Pliable plastic aortic substitutes have enjoyed an increasing extension of use since the introduction of Vinyon N by Voorhees, Jaretzki, and Blakemore.23 Complications have, in general, been meager; however, the many experimental studies concerning this subject include very few reports in which the follow-up period was as long as two years.1,2,4-17,19-22,24 Recent evidence indicates a loss of as much as 80% of the strength of nylon six months after implantation.8 The importance of the synthetic fabric itself as a part of the newly formed artery is emphasized by Shumacker's experience18 in which removal of the plastic tube from a newly formed vessel was followed by aneurysm formation. The fibrous sheath alone was unable to maintain the integrity of the vessel wall when subjected to the pressure of the arterial system. In another instance, following resection of a large aortic aneurysm with insertion of a nylon graft,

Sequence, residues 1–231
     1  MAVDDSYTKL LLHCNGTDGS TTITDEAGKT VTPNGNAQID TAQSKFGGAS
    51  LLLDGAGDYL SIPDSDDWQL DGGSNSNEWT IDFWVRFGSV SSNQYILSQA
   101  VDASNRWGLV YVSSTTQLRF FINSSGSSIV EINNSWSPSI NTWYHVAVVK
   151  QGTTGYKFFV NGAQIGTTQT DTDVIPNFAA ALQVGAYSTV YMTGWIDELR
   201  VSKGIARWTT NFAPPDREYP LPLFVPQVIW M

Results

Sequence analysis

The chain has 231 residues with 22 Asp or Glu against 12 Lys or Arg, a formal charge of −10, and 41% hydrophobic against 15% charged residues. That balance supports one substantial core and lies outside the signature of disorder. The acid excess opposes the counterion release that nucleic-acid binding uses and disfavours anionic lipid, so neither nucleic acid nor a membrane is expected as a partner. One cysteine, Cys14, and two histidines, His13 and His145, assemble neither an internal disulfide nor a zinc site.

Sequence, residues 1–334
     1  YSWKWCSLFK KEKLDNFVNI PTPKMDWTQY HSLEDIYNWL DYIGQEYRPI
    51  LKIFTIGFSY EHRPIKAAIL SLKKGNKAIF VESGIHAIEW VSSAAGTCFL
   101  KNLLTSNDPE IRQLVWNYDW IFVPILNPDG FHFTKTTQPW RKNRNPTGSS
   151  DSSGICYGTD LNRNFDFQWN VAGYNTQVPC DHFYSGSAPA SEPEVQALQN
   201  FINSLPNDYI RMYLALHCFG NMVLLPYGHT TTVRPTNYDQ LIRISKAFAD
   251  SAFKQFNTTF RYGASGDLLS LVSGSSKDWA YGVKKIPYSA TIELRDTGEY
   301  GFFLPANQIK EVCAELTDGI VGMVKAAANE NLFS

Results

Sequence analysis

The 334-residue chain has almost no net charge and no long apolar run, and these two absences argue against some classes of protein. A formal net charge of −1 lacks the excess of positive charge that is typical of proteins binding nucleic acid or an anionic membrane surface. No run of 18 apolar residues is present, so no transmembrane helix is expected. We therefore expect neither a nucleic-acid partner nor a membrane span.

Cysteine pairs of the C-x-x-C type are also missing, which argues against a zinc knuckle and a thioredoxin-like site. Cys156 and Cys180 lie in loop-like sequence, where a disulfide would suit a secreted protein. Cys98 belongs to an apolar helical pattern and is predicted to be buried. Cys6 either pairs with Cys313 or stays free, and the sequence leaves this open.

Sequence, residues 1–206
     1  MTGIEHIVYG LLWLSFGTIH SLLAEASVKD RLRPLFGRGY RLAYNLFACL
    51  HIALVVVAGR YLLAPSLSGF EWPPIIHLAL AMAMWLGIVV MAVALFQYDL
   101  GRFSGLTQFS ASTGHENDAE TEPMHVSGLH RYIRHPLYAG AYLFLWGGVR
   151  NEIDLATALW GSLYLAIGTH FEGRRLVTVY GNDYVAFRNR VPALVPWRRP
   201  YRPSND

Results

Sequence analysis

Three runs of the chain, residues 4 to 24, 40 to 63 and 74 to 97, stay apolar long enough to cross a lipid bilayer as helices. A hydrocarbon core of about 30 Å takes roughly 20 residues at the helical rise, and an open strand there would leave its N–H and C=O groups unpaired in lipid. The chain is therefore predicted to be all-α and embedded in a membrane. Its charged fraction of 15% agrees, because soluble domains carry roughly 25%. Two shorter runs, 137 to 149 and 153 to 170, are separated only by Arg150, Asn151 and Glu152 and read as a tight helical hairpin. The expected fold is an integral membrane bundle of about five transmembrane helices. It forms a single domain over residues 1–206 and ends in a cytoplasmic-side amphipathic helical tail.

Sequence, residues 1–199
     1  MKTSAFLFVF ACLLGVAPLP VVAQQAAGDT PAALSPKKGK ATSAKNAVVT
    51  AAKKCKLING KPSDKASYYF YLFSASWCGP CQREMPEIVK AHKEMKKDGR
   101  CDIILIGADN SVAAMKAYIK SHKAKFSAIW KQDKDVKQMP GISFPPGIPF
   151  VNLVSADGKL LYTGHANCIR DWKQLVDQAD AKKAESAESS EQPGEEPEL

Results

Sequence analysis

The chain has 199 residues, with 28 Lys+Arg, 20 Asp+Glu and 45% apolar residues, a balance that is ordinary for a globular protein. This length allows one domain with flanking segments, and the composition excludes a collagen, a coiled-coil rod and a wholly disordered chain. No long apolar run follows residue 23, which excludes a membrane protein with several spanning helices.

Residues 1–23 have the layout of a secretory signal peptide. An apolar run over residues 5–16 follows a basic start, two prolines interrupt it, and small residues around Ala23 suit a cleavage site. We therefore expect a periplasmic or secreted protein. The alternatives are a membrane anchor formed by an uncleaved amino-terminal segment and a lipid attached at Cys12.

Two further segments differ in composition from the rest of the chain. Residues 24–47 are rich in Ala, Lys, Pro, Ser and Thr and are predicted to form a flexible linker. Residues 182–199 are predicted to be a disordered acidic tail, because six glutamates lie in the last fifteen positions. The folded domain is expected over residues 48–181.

BARNETT WO. Experimental Nylon Aortic SubstitutesResults After Two Years' Implantation in the Dog. AMA Arch Surg. 1958;76(1):1–6. doi:10.1001/archsurg.1958.01280190003001
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